Today, we look at two contrasting sectors with regard to how they are faring in the pandemic crisis. The Property sector and Food Retailing have experienced very different fortunes.
Taking Property first, there is normally a mix of retail, office and commercial property in most company portfolios, although some will specialise. Clearly many of these sub sectors have been affected by Covid-19. Retail has been decimated, even more so with restaurants. Many businesses that have partly or fully sent staff to work from home are now evaluating just how much office floor space that they will need in the future. The real problems have come where tenants have been unable to pay rents when due on the quarter day and the real pressure has fallen on property companies that although they may have quality locations, are burdened with too much debt.
For example, Intu, the owner of Lakeside and the Trafford Centre, has fallen into administration as a result. Travelodge, the budget hotel chain has entered into a Company Voluntary Arrangement which could save it £144m in rent; not the best news for its landlords. Nevertheless, if one is careful and picks the type of tenant that is thriving and choose to invest in the sector through a diversified REIT, then some good and safer yields can be achieved. Warehouse REIT, which has recently raised £153m additional capital to invest has around 35% of its tenants involved in internet-based trading, where volumes have been strong in lockdown, has a yield of 5.8%.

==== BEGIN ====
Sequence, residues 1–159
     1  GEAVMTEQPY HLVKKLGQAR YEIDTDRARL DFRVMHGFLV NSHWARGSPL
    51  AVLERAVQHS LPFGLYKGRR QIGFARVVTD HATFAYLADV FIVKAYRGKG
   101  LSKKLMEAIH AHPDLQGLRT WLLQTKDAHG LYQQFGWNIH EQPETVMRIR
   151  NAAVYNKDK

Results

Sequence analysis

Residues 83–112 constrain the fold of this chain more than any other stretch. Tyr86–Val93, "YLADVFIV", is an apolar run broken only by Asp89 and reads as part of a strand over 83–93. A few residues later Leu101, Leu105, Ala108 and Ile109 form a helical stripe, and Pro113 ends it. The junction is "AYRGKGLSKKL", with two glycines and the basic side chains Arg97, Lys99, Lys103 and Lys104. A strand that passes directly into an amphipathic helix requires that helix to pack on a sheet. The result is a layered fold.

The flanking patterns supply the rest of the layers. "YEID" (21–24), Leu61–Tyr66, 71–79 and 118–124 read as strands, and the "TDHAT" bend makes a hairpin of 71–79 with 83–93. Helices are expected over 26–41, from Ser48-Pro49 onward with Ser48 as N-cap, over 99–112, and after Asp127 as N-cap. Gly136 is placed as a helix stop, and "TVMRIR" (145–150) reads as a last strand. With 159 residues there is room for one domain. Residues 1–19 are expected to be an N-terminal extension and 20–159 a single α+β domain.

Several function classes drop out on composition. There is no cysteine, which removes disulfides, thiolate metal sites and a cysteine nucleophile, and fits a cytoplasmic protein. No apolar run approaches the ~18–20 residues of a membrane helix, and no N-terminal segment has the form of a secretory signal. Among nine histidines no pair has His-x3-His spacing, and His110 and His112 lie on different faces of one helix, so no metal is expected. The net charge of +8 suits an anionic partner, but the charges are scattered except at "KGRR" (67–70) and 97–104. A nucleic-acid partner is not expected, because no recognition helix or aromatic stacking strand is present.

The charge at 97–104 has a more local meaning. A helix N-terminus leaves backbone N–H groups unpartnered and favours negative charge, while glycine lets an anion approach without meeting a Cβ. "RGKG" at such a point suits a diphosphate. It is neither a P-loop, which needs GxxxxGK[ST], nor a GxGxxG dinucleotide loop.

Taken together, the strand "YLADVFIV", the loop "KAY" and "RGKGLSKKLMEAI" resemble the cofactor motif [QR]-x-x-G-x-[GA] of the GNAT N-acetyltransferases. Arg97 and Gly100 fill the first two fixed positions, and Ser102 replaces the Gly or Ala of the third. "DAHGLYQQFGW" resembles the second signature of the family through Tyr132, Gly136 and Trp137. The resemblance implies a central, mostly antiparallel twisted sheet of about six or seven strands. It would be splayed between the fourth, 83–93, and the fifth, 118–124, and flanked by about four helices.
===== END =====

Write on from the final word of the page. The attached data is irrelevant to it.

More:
That leads on to a sector that has been favourably affected by Covid-19, that of the Food Retailers. The main businesses here, Tesco, Morrisons and Sainsbury were all designated essential operations and so did not close. Their on line sales rose strongly and that improved internet content may well continue. With restaurants and pubs closed for a considerable time and now not all open or running at reduced utilisation rates, the food that is normally consumed in the hospitality sector has been channelled through the retail food outlets. Interestingly, the discounters like Aldi and Lidl have probably lost market share in that period, as the big three have better on line offerings. The Food Retailers have also had a major saving due to the waiving of business rates.
Tesco and Sainsbury combined would have a full saving approaching £1.25m.
In fact, there has been some controversy about the correctness of that benefit, but the food giants are keen to stress the considerable costs that have needed to be incurred with social distancing, additional staff and the incremental support for on line sales.
For those controversial reasons, we may not see dividends that reflect the benefits one might assume. Nevertheless, they will emerge from the pandemic stronger than before and with enhanced on line demand and capabilities.